Cultural Assessment of Iraq: A Helicopter Inspection of Endangered Southern Sites

May 2003

Photo gallery and map>>
News Report: Ancient Iraqi Sites Show Theft, Destruction>>
The National Geographic Society's Cultural Assessment of Iraq: Introduction>>
Part One: The State of Sites and Museums in Northern Iraq>>
Part Two: The State of Sites and Museums in Southern Iraq>>

[ After the other members of the National Geographic team had left Iraq, Prof. Gibson was able make an tour of key sites in southern Iraq by helicopter with ORHA officials. He provides the following account.]

On May 21, Col. John Kessel arranged for helicopter that I had been suggesting be used for an assessment of looting damage to southern sites. I suggested that the army put Donny George in a helicopter to do a quick tour of the south to look at the sites that he knew were being looted. Unfortunately, by the 21st, Donny had already gone to Amman for a conference, and planned to go from there to Bonn, for another conference. The trip was made by Ambassador Piero Cordone, who has replaced Ambassador Limbert at ORHA, Col. Kessel, four other members of his staff, myself, and others. The helicopter was a Sea Stallion, a Marine supply craft, armed only with two machine guns, one on either side. A second helicopter of the same type accompanied us.

We flew from Baghdad Airport south to Diwaniyyah, then east to Nippur, where we landed and walked around the ziggurat and other parts of the site. From Nippur, we flew east over a site that I excavated in 1977, called Umm al-Hafriyat. This site, an important industrial town, was riddled with recent digging, but no one was working this day. We flew south over three other small sites that had also been dug illicitly (no one at work), until we came to Adab (Modern Tell Bismaya). We did not land, but circled several times. More than 200 men were at work, digging all over the site, which has obviously been worked on for some years. There were at least four vehicles on this site.

From there we passed over Tell Shmid, seeing some recent digging, and Umma, (modern Jokka) where we landed. Shmid and Umma are sites that the Iraq Department of Antiquities has been excavating for the past few years in order to keep them from being looted. This day, more than 200 men were at work. The soldiers from the helicopter moved toward the men, firing over their heads. They began to run. We looked at a devastated landscape. An Early Dynastic cemetery (c. 2500 B.C.) was being plundered near the excavation house, which had lost its roof. Beyond this, an excavated Early Dynastic building was being riddled with new holes, and the area around it was pocked with holes. In every direction, there was fresh digging. The diggers began to return, and since many were armed, we went back to the helicopter and took off. We went south over Umm al Aqarib, a nearby site also excavated by the Department. Here, men were working, but not as many as at Umma. The fresh damage we were viewing has been done only since the beginning of the war, when looters came out and drove the guards from the sites.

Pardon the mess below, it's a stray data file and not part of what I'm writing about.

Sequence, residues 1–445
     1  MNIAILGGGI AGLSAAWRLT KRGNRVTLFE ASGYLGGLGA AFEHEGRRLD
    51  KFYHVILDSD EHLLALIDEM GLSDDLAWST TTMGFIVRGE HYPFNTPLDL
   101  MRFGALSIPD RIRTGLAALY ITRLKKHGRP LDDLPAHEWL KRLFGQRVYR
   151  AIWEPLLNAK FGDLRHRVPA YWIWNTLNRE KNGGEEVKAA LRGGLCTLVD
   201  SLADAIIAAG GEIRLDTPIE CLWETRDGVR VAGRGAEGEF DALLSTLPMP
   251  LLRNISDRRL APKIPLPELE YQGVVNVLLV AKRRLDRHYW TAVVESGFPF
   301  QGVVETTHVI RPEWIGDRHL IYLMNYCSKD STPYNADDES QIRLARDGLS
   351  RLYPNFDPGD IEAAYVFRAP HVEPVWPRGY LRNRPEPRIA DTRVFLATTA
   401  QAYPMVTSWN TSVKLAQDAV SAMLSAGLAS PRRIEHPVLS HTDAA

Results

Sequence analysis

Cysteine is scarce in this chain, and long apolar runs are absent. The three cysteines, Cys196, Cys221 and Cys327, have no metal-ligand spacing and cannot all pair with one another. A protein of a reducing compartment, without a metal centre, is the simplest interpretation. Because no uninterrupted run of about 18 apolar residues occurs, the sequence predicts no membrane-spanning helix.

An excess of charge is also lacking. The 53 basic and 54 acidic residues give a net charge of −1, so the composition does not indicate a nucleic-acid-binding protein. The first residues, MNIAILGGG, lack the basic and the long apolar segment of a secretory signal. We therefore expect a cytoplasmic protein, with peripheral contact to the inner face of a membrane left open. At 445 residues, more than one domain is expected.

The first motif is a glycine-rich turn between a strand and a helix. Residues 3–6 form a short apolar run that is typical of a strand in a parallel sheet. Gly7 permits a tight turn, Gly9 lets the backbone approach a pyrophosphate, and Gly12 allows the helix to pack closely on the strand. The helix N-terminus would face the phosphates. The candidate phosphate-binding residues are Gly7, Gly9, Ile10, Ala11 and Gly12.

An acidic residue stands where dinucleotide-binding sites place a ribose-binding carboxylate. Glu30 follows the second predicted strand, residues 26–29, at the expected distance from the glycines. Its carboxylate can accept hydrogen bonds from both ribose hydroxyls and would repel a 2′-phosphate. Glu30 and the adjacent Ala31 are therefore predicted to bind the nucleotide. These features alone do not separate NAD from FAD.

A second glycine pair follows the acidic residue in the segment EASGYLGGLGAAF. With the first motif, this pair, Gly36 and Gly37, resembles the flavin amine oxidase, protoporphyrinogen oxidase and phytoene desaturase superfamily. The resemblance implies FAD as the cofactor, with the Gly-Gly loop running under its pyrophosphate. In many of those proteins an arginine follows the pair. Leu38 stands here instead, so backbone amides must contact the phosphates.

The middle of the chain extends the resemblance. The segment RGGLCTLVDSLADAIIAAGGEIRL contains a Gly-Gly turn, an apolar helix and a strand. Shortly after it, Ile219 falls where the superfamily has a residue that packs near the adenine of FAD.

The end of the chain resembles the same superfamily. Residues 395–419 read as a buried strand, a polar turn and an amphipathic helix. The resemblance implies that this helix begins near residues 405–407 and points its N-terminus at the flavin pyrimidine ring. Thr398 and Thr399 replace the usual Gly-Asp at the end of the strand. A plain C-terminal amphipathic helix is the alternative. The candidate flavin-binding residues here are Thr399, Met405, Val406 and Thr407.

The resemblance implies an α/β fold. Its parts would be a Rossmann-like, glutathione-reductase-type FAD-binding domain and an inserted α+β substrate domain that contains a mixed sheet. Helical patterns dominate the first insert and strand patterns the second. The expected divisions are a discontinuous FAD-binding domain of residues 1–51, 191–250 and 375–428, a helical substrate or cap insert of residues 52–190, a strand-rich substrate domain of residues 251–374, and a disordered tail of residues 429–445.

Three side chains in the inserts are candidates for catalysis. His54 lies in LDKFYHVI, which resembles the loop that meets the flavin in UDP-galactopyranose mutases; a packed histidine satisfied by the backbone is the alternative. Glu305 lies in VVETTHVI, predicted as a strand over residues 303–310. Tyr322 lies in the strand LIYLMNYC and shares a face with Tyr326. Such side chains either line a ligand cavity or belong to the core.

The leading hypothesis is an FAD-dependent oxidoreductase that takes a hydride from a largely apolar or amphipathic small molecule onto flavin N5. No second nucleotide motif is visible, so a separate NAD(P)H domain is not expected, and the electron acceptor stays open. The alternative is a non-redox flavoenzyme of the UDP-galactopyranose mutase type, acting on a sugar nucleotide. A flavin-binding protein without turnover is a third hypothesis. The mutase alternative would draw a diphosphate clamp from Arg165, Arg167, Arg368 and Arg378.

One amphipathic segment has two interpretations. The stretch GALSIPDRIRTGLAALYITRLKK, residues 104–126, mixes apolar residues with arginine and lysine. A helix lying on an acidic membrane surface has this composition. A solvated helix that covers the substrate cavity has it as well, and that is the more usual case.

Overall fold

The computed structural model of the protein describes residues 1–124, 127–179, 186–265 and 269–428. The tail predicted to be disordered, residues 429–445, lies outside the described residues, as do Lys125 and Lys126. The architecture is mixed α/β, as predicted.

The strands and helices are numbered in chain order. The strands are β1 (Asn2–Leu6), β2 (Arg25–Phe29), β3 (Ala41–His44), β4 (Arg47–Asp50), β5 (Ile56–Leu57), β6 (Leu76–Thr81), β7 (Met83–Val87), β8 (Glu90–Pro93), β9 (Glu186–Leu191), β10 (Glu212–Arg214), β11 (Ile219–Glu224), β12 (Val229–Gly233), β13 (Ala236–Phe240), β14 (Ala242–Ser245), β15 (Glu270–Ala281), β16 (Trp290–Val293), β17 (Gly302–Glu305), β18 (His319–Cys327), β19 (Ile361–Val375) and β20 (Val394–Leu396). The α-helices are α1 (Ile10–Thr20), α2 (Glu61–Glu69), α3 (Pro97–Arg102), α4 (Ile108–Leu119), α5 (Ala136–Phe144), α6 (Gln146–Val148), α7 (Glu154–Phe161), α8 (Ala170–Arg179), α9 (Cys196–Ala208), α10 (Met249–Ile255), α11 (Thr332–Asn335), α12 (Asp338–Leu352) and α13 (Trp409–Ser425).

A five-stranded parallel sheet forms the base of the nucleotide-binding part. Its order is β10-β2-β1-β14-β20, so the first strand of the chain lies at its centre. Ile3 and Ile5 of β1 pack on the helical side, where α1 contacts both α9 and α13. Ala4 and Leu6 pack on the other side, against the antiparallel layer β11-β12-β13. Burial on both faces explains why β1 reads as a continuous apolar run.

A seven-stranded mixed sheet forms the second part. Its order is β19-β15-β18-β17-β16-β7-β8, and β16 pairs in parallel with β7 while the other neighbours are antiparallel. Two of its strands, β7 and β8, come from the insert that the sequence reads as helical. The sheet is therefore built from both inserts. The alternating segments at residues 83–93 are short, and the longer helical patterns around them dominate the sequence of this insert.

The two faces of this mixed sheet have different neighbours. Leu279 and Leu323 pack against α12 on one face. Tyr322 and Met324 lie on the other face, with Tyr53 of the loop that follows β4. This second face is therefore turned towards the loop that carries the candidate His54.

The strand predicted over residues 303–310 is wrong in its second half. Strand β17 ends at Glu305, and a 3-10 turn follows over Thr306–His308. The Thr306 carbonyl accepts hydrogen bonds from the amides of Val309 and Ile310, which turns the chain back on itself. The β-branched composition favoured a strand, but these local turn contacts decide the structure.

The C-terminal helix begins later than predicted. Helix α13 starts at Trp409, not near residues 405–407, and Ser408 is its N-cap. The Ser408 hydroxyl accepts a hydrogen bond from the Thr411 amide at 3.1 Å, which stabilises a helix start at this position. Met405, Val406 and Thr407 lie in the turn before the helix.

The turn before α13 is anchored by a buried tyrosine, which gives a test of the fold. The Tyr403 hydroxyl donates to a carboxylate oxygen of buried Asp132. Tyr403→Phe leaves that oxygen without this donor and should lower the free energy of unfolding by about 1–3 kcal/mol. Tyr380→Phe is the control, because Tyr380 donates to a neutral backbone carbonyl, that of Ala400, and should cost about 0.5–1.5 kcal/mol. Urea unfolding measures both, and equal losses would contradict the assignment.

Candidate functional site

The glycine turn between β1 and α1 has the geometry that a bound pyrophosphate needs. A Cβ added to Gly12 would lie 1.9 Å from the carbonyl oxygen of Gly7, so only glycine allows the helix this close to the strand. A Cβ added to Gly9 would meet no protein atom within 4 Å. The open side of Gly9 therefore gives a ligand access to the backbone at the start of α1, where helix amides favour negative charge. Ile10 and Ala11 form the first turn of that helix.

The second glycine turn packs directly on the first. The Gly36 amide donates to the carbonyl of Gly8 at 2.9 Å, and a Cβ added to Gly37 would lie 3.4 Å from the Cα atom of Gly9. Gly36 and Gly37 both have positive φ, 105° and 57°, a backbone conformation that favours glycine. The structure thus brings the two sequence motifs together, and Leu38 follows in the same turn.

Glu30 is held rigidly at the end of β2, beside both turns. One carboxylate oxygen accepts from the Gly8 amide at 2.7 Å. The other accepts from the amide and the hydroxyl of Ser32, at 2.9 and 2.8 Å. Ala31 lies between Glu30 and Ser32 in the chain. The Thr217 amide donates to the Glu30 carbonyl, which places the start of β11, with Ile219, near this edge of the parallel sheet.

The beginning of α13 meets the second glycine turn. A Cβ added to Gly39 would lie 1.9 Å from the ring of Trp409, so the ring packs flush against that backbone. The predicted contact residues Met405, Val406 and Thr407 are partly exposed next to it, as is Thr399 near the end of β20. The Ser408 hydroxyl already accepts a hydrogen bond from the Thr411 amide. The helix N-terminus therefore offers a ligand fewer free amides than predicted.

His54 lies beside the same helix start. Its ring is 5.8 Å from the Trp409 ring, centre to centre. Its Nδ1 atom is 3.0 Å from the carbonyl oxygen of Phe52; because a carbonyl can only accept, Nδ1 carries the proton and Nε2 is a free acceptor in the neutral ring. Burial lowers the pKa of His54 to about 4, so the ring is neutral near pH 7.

To the southeast, we circled Girsu, (modern Telloh) and confirmed that there had been limited looting recently, as reported by the National Geographic southern team who had visited it a few days earlier by road. South of here, Lagash (modern Tell al-Hiba), appeared to be untouched. We then headed west over a greatly changed landscape, with almost no sign of marshes and much new cultivation. Bad-Tibira (modern Tell al-Madain) showed some new digging, but no one working at the time. We landed at Ur, to view the ancient houses, tombs and ziggurat, and then went off to visit Larsa (modern Senkereh). The Geographic southern team had also been here by road and reported seeing some deep fresh looter's holes, but no one working. We also saw no one working

At Uruk (modern Warka) we only circled for about three minutes to let the cameraman shoot. No damage was visible at Uruk.

Then we flew north to Isin, (modern Ishan al-Bahriyat) where I had already heard from a German visitor that it was being badly destroyed. Her report was correct. At least 200 to 300 men were at work on all parts of the site, and the damage was clearly of long duration. We landed and the men came up waving. They were surprised that the US troops would think that it was wrong for them to be doing the looting. They lied by saying that they had been working only a few days, only since the German woman has been there and told them to do so. We told them that it was forbidden, and the army men fired over their heads to speed up their exit. A boy with a tractor and cart, the only vehicle on this site, wanted us to pay him his taxi fee, since we had chased off his fares. The next day, the German woman returned to Isin with a German camera crew, to find hundreds of men at work again. Clearly, an occasional visit by a helicopter is not going to save the sites. Only the imposition of authority in the entire country, as well as the reconstitution of the State Board of Antiquities with its full complement of guards, backed by Coalition power, can preserve what is left of these major Sumerian sites.

We then took off for the return trip to Baghdad.

I have sent a memo to Col. Kessel saying that the looting must be stopped. Iraq is losing more of its antiquities each day from looting of sites than were taken from the Museum.

McGuire Gibson
Department of Near Eastern Studies
The Oriental Institute
The University of Chicago

The National Geographic Society's Cultural Assessment of Iraq: Introduction>>
Part One: The State of Sites and Museums in Northern Iraq>>
Part Two: The State of Sites and Museums in Southern Iraq>>
Part Three: A Helicopter Inspection of Endangered Southern Sites (this page)
News Report: Ancient Iraqi Sites Show Theft, Destruction>>

Continued on Next Page >>


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